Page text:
He was their only child, only twenty-two, suddenly and tragically, gone. There were no words, no comfort, only wave after wave of overwhelming grief and sorrow. They cried, they held onto each other, they wondered why. There were no answers . . .
And there was Tiger, his cat, a tabby they had brought home when he was just a kitten, fourteen years ago when their son was only eight. They had grown up together. He was their only remaining connection—their only thread.
In their grief, they closed the door to their son’s room—they couldn’t bear the pain of seeing it—empty. For days afterward, Tiger sat outside his door, waiting for him—waiting.
Two years have passed. Life for them has slowly returned to the routine of jobs but days and nights without him will never be the same. Tiger is still with them, keeping that connection, that tie to their son. But Tiger is getting old. He is sick. He is dying. They don’t want him to go because he is their link—their one connection to what once was.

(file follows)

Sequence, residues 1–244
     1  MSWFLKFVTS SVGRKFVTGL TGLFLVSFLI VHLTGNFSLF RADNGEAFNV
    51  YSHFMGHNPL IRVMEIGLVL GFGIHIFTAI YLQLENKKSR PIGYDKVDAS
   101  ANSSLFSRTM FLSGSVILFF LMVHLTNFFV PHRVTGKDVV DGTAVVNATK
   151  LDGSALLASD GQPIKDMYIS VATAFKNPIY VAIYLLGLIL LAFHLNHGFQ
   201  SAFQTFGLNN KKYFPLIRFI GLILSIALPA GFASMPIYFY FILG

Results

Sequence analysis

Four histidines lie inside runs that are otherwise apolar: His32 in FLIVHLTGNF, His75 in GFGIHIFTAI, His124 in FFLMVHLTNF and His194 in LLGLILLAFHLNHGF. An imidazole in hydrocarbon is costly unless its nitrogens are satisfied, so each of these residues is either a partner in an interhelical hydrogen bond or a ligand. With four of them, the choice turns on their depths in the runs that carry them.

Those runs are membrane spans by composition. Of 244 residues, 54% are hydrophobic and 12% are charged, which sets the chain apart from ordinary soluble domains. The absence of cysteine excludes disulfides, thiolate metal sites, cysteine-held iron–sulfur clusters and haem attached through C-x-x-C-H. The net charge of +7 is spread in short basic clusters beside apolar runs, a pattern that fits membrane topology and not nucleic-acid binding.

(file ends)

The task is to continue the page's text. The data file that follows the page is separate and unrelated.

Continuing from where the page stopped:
Tiger begins going back to their son’s room, sitting outside the door, wanting to go in . . . they open the door for him—for them—and he spends his last days sleeping curled-up on his bed. It is a bittersweet comfort for them.
Tiger has left them, reunited in time with their son. In a symbol and gesture of closure and unity, they place Tiger’s ashes in his room and close the door. They have let go, found peace. A connection broken but perhaps not . . . perhaps it is more a circle that has closed around them.
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